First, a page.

A German wartime mine netted by a fishing boat crew off the south Wales coast has been blown up.
A one-mile exclusion zone was imposed before the explosion
Bomb disposal experts imposed a one-mile exclusion zone around the 1,800kg (4,000lbs) device, considered a danger to shipping.
The deep water blast could be heard across Swansea Bay.
Fisherman Philip Wisby, who found the mine on Friday evening, said: "Once it's in the net you just close your eyes and head for safer water."
His vessel, Girl Eileen 2, was a mile off the shore between Mumbles and Swansea Docks when it caught the mine in its nets.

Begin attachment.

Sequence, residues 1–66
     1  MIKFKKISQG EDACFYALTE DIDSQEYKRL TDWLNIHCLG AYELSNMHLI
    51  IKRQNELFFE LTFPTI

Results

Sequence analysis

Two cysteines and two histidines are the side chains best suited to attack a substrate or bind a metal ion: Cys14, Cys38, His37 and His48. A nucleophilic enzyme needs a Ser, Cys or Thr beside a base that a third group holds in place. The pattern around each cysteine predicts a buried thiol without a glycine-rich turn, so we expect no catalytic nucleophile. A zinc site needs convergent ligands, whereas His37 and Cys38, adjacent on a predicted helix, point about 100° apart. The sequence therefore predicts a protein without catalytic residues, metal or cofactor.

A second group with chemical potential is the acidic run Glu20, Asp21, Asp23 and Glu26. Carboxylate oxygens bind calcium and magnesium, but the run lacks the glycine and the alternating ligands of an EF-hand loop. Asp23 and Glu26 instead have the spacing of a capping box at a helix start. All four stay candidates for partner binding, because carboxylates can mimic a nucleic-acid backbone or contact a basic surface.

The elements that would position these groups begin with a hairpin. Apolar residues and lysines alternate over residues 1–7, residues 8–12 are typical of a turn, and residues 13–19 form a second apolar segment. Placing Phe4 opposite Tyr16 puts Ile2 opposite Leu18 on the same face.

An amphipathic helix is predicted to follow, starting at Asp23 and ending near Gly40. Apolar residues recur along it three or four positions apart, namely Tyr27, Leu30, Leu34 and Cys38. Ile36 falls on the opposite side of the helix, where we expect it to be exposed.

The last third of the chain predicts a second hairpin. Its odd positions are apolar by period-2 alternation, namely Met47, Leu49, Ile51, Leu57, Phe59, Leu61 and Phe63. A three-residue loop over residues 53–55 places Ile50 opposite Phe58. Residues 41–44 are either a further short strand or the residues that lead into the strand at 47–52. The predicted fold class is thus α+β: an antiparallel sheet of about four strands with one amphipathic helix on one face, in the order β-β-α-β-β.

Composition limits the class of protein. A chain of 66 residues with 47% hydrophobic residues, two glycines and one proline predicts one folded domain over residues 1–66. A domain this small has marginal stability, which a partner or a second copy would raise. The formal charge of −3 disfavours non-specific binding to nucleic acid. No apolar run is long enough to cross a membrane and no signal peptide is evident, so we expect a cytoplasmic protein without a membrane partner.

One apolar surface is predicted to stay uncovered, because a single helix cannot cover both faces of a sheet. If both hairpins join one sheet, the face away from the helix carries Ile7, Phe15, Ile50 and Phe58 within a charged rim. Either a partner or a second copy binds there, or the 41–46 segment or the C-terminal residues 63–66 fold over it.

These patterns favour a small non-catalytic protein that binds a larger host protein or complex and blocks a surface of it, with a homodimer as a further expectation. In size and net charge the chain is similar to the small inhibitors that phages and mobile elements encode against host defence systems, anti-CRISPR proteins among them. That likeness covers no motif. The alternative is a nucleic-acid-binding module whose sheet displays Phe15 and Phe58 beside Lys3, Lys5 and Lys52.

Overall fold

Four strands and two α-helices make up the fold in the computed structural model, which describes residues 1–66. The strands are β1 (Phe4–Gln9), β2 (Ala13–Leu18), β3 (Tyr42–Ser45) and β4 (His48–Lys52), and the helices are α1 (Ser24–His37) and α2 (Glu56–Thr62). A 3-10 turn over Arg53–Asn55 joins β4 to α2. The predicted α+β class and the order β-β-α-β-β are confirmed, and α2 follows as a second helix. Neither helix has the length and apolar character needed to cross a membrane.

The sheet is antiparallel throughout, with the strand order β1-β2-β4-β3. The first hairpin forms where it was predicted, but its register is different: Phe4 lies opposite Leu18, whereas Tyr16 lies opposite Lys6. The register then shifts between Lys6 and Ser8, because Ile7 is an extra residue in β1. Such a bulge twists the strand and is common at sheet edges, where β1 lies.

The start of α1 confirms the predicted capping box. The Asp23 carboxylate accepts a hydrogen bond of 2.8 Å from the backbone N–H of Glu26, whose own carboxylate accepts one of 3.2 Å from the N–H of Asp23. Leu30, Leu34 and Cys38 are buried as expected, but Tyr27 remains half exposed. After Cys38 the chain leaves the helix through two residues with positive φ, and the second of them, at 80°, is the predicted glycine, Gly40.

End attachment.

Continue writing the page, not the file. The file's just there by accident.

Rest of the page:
It was too dangerous to detonate the mine in darkness, but a dive team from the Naval Ordnance team from Plymouth did plant explosives on it.
The mine was designed to settle on the seabed and detonate when a ship passed through its magnetic field.
Petty Officer Sid Lawrence said the mine, one of the biggest the team had seen, "would cause quite substantial damage to a vessel if it was passing overhead".
He added: "They are designed to cause a massive bubble of air, as that hits the bottom of the ship it breaks the back of the ship."
It is thought the mine, measuring 12ftx3ft (3.6m by 0.9m) was one of the biggest and most destructive manufactured by Nazi Germany.
It would have been dropped into the sea by parachute during a Luftwaffe raid on Swansea, which was a target due to its port and nearby steelworks.